Meanwhile, the Taco Knockdown is returning for a second year. More than a dozen chefs will compete for the title with their taco-inspired creations. Last year, the creative taco fillings included octopus, pork belly, bacon, and miso-cured egg. There was even a frozen dessert taco submission.
The Dig IN food festival (Aug. 28), to be held in downtown Indianapolis, will feature farm-to-fork dishes with ingredients from farms across the state. More than 35 chefs from the Hoosier state, including James Beard Award nominees, will be creating unique dishes for the event. More than 20 wineries and breweries, as well as local coffee roasters and juicers, will provide libations.
Hatch Chile Festival
The chili is serious business in New Mexico, where hot days and cool nights make for some of the best spicy peppers around. About 30,000 visitors descend on the village of Hatch in New Mexico every year for the Hatch Chile Festival (Sept. 3 to 4) for tastings, as well as chili- and jalapeño-eating contests. A watermelon-eating contest follows the spicier events. The festival also includes a carnival and live music.
Here’s a food festival inspired by a movie. In “Osmosis Jones,” a junk-food and chicken-wing addict (played by Bill Murray) sets for himself the goal of attending the National Chicken Wing Festival in Buffalo, New York. There was no such festival at the time, so Buffalo native Drew Cerza took upon himself the challenge of making it a reality. That was in 2001; last year, the National Buffalo Wing Festival was attended by over 70,000 people and more than 4.2 million wings have been served since the festival’s inception.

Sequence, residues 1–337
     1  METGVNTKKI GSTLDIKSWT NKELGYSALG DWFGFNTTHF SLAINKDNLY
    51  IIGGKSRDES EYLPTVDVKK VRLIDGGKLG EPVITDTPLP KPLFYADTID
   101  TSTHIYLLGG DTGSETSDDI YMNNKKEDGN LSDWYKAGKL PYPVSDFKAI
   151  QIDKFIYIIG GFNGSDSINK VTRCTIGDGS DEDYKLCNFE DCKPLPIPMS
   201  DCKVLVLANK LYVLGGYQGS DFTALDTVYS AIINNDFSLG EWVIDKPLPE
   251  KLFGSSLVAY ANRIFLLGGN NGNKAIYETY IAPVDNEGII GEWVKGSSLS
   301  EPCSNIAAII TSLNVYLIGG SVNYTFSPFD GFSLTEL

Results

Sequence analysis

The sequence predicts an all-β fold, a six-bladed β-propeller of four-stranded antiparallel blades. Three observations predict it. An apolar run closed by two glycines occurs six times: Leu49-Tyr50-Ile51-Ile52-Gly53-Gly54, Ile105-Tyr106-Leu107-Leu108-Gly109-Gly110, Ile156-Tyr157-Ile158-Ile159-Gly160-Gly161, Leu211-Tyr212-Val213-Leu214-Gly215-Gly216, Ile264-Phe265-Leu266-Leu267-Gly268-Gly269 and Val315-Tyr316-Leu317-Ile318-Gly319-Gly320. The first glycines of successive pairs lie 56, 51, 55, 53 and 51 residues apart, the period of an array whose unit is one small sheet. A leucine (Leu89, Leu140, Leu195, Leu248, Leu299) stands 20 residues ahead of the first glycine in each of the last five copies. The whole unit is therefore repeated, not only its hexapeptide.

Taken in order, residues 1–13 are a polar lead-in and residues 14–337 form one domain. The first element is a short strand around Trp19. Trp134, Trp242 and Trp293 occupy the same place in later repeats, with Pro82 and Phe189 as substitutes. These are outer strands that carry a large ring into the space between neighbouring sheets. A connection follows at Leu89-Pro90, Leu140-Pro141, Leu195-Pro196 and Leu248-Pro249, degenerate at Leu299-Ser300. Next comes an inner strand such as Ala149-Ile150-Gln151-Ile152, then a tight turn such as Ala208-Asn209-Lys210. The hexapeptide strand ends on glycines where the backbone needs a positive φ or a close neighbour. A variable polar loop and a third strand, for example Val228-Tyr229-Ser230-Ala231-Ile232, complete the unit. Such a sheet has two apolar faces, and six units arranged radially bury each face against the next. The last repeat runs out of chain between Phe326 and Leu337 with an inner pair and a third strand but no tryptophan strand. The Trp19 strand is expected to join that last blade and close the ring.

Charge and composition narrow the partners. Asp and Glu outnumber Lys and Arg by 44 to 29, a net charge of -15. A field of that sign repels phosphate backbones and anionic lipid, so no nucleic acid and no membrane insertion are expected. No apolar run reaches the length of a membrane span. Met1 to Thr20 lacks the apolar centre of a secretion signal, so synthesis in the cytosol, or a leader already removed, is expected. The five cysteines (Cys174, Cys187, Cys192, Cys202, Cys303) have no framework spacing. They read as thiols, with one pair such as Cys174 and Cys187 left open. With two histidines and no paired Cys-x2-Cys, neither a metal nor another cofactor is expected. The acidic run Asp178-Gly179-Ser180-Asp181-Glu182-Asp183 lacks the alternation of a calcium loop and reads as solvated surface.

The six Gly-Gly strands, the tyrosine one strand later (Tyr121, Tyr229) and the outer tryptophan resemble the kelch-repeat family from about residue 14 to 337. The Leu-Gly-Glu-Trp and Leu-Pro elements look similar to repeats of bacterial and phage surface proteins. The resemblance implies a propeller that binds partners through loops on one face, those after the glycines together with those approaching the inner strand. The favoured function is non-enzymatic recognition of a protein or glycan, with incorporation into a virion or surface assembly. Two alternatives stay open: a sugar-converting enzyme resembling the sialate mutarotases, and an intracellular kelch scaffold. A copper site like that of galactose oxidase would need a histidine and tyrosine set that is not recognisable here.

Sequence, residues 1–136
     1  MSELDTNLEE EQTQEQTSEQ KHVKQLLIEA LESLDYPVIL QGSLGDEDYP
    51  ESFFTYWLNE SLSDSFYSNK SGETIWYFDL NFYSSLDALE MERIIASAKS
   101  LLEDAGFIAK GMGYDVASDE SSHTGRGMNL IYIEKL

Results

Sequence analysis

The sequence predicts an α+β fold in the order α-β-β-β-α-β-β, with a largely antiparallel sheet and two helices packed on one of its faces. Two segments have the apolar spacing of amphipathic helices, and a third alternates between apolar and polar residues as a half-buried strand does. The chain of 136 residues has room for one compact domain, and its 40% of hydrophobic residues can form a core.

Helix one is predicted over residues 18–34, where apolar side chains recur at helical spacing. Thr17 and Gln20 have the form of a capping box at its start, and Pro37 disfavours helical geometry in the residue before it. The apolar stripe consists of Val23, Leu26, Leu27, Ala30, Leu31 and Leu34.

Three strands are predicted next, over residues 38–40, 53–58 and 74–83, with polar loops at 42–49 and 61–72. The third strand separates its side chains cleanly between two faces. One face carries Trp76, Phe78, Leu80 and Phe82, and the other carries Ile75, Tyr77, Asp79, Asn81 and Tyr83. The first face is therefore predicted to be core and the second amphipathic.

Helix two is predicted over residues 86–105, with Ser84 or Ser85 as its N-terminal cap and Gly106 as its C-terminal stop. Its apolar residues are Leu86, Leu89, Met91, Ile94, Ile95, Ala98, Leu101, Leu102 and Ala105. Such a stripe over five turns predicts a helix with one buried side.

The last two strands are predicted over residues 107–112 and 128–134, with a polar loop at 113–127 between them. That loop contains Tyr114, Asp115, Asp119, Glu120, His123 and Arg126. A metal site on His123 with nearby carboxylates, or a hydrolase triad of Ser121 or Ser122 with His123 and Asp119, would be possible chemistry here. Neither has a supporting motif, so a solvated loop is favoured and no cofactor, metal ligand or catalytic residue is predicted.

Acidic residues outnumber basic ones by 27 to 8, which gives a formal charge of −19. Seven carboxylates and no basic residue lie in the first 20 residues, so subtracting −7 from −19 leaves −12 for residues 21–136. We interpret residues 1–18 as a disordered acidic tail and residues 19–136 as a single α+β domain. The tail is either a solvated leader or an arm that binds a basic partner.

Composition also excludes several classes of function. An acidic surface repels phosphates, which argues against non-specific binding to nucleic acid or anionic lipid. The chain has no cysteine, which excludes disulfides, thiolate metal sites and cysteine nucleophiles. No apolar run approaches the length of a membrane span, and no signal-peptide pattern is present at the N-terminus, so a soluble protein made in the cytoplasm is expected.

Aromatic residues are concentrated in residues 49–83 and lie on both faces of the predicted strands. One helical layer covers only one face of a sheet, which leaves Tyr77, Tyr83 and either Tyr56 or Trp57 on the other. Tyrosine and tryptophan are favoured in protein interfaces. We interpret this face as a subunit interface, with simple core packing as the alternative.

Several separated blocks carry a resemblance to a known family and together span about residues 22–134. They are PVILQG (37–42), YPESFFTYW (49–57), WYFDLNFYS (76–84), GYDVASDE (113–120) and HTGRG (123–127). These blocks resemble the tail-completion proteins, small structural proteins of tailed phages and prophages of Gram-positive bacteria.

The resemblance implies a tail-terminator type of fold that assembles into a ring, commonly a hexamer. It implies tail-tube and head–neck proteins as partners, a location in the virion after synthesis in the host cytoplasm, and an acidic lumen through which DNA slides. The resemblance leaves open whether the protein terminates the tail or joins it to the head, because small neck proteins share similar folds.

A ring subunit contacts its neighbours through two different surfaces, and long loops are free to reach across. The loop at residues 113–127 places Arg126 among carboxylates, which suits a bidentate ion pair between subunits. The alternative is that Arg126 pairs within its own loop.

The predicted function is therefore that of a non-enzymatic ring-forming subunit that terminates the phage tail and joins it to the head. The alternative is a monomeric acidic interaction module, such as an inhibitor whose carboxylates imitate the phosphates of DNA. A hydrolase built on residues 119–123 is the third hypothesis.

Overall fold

This year, the festival takes place over Labor Day Weekend (Sept. 3–4). Expect eating contests (triple atomic wings, anyone?) and the very messy Bobbing for Wings event, where contestants pluck chicken wings with their mouths out of a baby pool filled with blue cheese dressing. Pass the wet wipes!
Head to the Loch Lomond Food and Drink Festival in the Scottish Highlands (Sept. 3 to 4) for some bites and drinks, with a decidedly local twist. On the menu: cookery classes, free foraging, a haggis eating competition, and Clanscape Kitchen, which gives visitors a taste of Highlands life in the 17th and 18th centuries, from churning butter to making oats cakes over an open fire.
World’s Largest Wine Festival
The world’s largest wine festival turns 600 this year. Bad Duerkheimer Wurstmarkt is held annually in the town of Bad Dürkheim, in Germany’s wine-growing state of Rhineland-Palatinate. The name Wurstmarkt (or sausage market) alludes to the copious quantity of sausage consumed at the festival. Over 600,000 visitors are expected to taste the region’s best wines at the festival taking place over the weekends of Sept. 9 to 13 and 16 to 19 this year.
Take a Coffee Break, Swedish Style
In Sweden, fika—a coffee and cake break with friends—is a way of life. Alingsas, in western Sweden, has about 30 long-established cafes, some of which date back to the 1700s. The city is known as the fika capital. For about 330 Swedish krona ($40) you can join a fika tour (1.5 hours) and experience this sweet part of the Swedish lifestyle. The tour is available every Saturday at 11 a.m. until Oct. 29.